Turkish Chief of General Staff Yasar Buyukanit called on all countries to cooperate to fight against terrorism, the semi-official Anatolia news agency reported on Tuesday.
Terrorism has no religion, nationality, regional ties or ideology, and a terrorist attack staged in one country can affect others, Buyukanit said in his article published in the latest issue of Defense and Aviation magazine.
"Although international war against terrorism is being discussed in every platform and many important organizations such as the United Nations, the North Atlantic Treaty Organization and the European Union have made remarks and decisions regarding harsh measure (against terrorism), necessary measures have not been taken yet," he said.
"This stance has not only encouraged terrorists but also widened dimensions of the (terrorist) acts," he commented.
According to Buyukanit, one of the leading problems faced in international fight against terrorism is the lack of a consensus on the definition of terrorism.
"However, this should not be an obstacle in combating terrorism, " he said.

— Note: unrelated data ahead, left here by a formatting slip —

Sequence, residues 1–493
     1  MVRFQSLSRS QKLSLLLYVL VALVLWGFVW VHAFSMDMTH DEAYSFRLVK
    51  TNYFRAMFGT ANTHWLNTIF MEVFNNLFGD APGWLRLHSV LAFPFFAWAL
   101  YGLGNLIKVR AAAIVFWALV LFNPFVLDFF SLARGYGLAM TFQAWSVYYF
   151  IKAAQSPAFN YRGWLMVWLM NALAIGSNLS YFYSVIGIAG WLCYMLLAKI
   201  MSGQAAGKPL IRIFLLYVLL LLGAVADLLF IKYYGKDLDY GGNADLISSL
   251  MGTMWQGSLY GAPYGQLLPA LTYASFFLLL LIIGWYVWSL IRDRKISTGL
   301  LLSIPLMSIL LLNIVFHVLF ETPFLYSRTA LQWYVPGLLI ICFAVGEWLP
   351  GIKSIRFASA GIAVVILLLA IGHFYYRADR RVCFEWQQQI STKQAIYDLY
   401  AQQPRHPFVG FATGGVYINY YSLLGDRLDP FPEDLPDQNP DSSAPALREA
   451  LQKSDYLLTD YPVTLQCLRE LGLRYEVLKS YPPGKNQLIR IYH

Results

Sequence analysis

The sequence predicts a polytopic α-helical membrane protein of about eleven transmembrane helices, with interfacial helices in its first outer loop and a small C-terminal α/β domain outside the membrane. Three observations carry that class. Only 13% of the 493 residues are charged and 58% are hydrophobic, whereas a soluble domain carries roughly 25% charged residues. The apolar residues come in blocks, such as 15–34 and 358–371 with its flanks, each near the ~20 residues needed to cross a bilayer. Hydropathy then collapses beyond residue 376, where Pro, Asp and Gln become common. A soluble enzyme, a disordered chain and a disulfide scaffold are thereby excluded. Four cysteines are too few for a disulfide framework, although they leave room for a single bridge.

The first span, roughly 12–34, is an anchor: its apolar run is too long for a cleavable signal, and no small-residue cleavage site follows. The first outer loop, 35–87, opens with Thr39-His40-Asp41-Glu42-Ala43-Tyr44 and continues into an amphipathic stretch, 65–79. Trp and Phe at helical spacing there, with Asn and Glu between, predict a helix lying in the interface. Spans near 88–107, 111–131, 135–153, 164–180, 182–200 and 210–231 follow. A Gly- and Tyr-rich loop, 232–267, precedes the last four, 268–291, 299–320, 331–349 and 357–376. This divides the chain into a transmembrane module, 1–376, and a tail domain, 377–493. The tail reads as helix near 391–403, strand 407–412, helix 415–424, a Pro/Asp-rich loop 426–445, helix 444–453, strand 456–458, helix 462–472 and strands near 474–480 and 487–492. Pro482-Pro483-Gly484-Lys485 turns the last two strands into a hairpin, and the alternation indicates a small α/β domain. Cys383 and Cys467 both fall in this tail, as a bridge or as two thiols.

In order to conduct an effective fight against terrorism, countries should first investigate financial sources of terrorist organizations and their relationship with international organized crime gangs, the Turkish army's chief said.
He also emphasized that terrorist organizations have been involved in illicit drug, human and arms trafficking, noting that these illegal activities must be stopped in order to counter terrorism.
Last month, Buyukanit said that a military operation must be launched to crack down on the camps of the outlawed Kurdish Workers' Party (PKK) in northern Iraq.
The PKK, which was listed as a terrorist organization by the United States and the European Union, launched an armed campaign for an ethnic homeland in the mainly Kurdish southeastern Turkey in 1984, sparking decades of strife that has claimed more than 30, 000 lives.
The intensity of the fighting eased after PKK leader Abdullah Ocalan was captured and imprisoned in 1999, but fighting has flared up again in recent years.